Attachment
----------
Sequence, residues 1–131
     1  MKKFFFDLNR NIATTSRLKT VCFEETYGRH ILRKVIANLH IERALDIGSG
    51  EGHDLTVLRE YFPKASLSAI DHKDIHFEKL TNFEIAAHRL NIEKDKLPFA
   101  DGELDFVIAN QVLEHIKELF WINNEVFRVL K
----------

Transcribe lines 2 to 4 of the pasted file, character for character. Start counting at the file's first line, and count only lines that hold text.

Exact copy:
     1  MKKFFFDLNR NIATTSRLKT VCFEETYGRH ILRKVIANLH IERALDIGSG
    51  EGHDLTVLRE YFPKASLSAI DHKDIHFEKL TNFEIAAHRL NIEKDKLPFA
   101  DGELDFVIAN QVLEHIKELF WINNEVFRVL K